These technologies also help better explain procedures and treatment options to patients, said Hammer.

"With 3D planning and printing, I can better articulate to our patients what we plan to complete and achieve for each procedure," he said. "They're empowered to ask questions and have an easier time understanding the complexity of these procedures because they're holding models and seeing images of their own procedure completed in a virtual world."

The more the patient understands before the procedure, the better their post-operative experience is, he said.

The Psychological Impact

"The preservation or rehabilitation of a patient's [teeth condition] is critical to their overall health," said Hammer. "That includes their mental health."

He explained, for example, that when he discusses the removal of a jaw tumor with his patients, most of them are very concerned about the possible removal of their teeth.

Andersen added there's a "tremendous psychosocial component to dental and oral health."

"A significant proportion of patients with maxillofacial injuries suffer from anxiety, depression, and post-traumatic stress disorders," he said.

He explained that many patients struggle daily with essential life functions such as swallowing, speaking, and chewing, but also with self-esteem and body image."

"Whether our patients have cancer, trauma, or benign tumors, our goal is for patients to awaken from surgery with not only the pathology removed and a new craniofacial reconstruction, but to also have a full complement of implant-retained prosthetic teeth for immediate improvement of speech, swallowing, function, and overall quality of life."

You also may be interested in...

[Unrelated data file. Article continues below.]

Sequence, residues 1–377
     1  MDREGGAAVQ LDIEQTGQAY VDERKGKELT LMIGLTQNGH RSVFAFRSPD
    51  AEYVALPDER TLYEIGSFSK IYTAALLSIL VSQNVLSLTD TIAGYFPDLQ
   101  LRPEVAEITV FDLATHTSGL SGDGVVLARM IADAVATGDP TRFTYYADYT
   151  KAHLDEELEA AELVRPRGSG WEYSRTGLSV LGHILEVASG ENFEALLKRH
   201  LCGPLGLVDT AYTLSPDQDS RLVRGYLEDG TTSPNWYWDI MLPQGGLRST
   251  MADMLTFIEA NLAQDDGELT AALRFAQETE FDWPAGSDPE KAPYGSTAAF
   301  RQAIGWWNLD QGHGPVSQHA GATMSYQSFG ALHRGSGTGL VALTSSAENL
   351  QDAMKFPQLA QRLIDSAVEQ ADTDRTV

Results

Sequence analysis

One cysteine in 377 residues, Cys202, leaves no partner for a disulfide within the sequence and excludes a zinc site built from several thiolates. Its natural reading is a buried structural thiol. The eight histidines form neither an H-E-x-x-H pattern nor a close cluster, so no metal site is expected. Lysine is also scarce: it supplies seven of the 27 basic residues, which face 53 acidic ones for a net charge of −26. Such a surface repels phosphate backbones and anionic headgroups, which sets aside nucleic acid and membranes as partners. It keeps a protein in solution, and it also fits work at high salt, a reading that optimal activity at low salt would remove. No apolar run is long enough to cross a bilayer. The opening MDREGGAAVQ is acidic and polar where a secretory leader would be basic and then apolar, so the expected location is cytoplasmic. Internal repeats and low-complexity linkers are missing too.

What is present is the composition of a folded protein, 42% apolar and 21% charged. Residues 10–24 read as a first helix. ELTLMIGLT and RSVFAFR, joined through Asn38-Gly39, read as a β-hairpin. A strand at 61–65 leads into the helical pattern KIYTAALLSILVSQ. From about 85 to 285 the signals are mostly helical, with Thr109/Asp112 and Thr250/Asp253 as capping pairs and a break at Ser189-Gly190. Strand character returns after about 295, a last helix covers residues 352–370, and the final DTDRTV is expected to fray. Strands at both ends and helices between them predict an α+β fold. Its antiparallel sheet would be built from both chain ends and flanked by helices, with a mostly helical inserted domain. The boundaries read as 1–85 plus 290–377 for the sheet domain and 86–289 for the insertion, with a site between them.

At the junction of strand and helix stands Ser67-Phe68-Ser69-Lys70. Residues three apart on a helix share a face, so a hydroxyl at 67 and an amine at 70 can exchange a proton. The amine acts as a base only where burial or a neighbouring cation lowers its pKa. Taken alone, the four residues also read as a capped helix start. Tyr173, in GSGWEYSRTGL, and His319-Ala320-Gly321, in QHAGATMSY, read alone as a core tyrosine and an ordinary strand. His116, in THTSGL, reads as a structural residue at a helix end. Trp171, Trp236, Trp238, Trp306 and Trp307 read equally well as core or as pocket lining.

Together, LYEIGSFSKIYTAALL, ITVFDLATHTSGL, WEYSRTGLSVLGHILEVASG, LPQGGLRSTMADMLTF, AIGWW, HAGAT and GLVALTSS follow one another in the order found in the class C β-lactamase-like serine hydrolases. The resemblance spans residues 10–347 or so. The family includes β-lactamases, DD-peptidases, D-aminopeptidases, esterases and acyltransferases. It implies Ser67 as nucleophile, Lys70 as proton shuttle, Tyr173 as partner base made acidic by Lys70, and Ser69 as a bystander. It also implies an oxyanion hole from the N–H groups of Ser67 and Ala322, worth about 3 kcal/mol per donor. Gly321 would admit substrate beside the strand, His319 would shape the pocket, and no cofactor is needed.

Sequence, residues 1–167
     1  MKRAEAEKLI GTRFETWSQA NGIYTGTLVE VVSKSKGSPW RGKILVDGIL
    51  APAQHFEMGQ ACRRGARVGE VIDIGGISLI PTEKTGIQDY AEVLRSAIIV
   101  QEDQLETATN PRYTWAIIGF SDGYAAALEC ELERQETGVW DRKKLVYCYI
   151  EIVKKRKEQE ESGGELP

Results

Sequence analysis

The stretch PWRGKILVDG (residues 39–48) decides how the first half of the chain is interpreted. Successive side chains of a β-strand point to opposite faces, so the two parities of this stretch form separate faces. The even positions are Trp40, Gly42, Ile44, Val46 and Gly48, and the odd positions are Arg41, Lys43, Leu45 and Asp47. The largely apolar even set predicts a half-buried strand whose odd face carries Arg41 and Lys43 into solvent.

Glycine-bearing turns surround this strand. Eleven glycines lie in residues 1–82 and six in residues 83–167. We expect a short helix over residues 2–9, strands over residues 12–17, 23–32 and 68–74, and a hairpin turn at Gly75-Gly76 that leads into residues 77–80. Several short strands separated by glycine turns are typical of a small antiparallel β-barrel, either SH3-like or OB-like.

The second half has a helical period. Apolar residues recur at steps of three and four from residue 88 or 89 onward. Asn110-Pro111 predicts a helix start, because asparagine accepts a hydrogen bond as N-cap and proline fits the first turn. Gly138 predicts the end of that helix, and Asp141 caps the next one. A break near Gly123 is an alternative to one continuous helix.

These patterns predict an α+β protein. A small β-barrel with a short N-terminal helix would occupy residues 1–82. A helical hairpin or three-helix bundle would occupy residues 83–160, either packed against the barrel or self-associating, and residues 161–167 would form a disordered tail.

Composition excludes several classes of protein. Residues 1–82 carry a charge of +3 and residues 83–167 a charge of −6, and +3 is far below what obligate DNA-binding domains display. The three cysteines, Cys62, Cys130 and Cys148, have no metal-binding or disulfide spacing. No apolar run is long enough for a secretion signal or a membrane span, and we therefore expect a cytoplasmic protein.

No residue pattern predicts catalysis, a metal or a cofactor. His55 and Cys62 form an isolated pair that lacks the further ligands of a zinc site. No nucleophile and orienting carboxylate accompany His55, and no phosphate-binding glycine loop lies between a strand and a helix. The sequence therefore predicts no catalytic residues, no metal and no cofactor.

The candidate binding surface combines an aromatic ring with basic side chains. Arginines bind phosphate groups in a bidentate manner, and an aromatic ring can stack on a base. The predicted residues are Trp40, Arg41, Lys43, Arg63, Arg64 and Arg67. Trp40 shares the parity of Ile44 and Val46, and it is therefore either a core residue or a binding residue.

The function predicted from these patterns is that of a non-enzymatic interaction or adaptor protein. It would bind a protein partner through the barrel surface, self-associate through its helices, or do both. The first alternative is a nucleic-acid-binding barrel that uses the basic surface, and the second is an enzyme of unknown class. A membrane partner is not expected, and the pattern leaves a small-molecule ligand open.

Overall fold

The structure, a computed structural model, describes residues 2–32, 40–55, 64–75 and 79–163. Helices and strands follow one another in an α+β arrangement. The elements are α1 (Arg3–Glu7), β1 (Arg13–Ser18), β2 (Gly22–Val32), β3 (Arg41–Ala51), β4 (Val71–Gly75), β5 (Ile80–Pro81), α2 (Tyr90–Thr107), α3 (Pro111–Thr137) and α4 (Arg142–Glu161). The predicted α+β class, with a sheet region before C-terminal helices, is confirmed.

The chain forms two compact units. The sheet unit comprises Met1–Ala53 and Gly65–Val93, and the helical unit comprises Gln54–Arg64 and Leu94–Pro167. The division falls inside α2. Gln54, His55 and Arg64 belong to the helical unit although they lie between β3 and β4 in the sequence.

Lung Cancer Leading Cause of Cancer Death

Article
11/22/2022
 U.S Navy MRI technologist behind a computer screen with a magnetic resonance machine in the background.

With November being Lung Cancer Awareness Month, be aware of symptoms, causes, and steps to take if you think you need screening.

Recommended Content:

Medical and Dental Preventive Care Fitness

Colorectal Cancer Screening Age Decreases to 45

Article
11/22/2022
A patient sits in an office with while a health care provider talks to her.

Though the overall death rate from colorectal cancers have been on the decline in recent years, it remains the second leading cause of cancer deaths in the United States.

Recommended Content:

Women's Health | Medical and Dental Preventive Care Fitness | Men's Health

Doctors Recommend Sunscreen for All Skin Complexions

Article
6/13/2022
The dangers of too much sunlight – from sunspots to skin cancer – are real risks for everyone regardless of skin complexion, doctors say.

The dangers of too much sunlight – from sunspots to skin cancer – are real risks for everyone regardless of skin complexion, doctors say.

Recommended Content:

Medical and Dental Preventive Care Fitness | Summer Safety

For Sexually Transmitted Infections, Young People are at Higher Risk

Article
6/13/2022
Protect yourself in the war against sexually transmitted infections. If you have questions about where to find free condoms, STI testing, or treatment, contact your health care provider or local installation clinic.